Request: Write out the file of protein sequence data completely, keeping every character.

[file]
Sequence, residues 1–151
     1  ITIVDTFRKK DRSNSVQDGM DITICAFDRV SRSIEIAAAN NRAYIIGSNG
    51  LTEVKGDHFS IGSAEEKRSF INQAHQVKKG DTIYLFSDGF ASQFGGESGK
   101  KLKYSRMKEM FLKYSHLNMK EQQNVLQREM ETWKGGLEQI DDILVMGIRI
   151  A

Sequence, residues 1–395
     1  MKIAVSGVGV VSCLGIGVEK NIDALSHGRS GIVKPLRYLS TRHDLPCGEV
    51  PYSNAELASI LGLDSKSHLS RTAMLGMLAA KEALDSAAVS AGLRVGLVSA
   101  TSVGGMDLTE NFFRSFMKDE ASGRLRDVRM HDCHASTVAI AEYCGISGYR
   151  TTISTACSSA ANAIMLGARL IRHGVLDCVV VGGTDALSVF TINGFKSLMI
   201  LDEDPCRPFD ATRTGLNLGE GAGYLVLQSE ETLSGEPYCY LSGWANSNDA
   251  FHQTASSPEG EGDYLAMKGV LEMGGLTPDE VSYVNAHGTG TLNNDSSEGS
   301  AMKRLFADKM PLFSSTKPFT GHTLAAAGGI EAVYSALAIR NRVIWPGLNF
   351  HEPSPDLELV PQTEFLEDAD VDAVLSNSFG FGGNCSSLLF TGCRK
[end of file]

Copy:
Sequence, residues 1–151
     1  ITIVDTFRKK DRSNSVQDGM DITICAFDRV SRSIEIAAAN NRAYIIGSNG
    51  LTEVKGDHFS IGSAEEKRSF INQAHQVKKG DTIYLFSDGF ASQFGGESGK
   101  KLKYSRMKEM FLKYSHLNMK EQQNVLQREM ETWKGGLEQI DDILVMGIRI
   151  A

Sequence, residues 1–395
     1  MKIAVSGVGV VSCLGIGVEK NIDALSHGRS GIVKPLRYLS TRHDLPCGEV
    51  PYSNAELASI LGLDSKSHLS RTAMLGMLAA KEALDSAAVS AGLRVGLVSA
   101  TSVGGMDLTE NFFRSFMKDE ASGRLRDVRM HDCHASTVAI AEYCGISGYR
   151  TTISTACSSA ANAIMLGARL IRHGVLDCVV VGGTDALSVF TINGFKSLMI
   201  LDEDPCRPFD ATRTGLNLGE GAGYLVLQSE ETLSGEPYCY LSGWANSNDA
   251  FHQTASSPEG EGDYLAMKGV LEMGGLTPDE VSYVNAHGTG TLNNDSSEGS
   301  AMKRLFADKM PLFSSTKPFT GHTLAAAGGI EAVYSALAIR NRVIWPGLNF
   351  HEPSPDLELV PQTEFLEDAD VDAVLSNSFG FGGNCSSLLF TGCRK